It’s often served with a bowl of matcha in the Japanese tea ceremony.
There are two types of wagashi served in a tea ceremony depending on the type of matcha:
- Wagashi served with usucha (薄茶, thin matcha) is called higashi (干菓子) , a dry sweet often made of rice, flour or the finest quality of Japanese grained sugar: wasanbon (和三盆).
- Wagashi served with koicha (濃茶, thick matcha) is called omogashi (主菓子) often made of bean paste, sesame, rice, sweet potato and sugar.
Is wagashi healthy?
Wagashi is a healthy sweet which contains plant protein, fiber, almost no animal fats, and no cholesterol. In this aspect, it is very different from Western sweets.
Red beans often used in wagashi contain antioxidants, high concentrations of catechin, anthocyanidin and more polyphenols than red wine.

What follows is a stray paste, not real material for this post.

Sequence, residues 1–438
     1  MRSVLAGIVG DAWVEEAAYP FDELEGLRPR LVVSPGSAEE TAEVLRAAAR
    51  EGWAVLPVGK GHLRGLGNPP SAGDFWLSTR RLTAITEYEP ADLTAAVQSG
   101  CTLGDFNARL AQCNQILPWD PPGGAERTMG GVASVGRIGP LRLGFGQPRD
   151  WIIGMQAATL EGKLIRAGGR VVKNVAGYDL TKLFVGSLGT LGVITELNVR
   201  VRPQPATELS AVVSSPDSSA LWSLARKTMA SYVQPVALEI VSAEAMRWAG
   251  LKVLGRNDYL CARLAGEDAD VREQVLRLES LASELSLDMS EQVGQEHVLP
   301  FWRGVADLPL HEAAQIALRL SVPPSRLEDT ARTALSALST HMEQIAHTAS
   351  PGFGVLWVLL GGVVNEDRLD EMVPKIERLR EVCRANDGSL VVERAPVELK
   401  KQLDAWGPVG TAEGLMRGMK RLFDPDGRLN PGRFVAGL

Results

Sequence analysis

Wagashi comforts us not only by its nutritional value, but also its beautiful design that changes throughout the year. In a tea ceremony, the small wagashi lets us appreciate the seasonal changes.
As you can imagine, the sweetness of wagashi and the bitter, deep taste of matcha is a heavenly combination. Some of us pair coffee and muffin, but it’s not quite the same.
In the Japanese tea ceremony, guests eat wagashi with a signal from the host (teishu, 亭主) before a bowl of matcha is served. This timing has the purpose of first appreciating the taste and design of wagashi. Later, the focus turns to the taste of matcha while the sweetness of wagashi is still in the mouth.
Wagashi combined with matcha plays an important role in the Japanese tea ceremony as well as in Japanese tea culture.
Have you tried wagashi yet?
About the author:
Reina Sakao is a Japanese living abroad. She loves green tea, the Japanese tea ceremony and Japanese culture.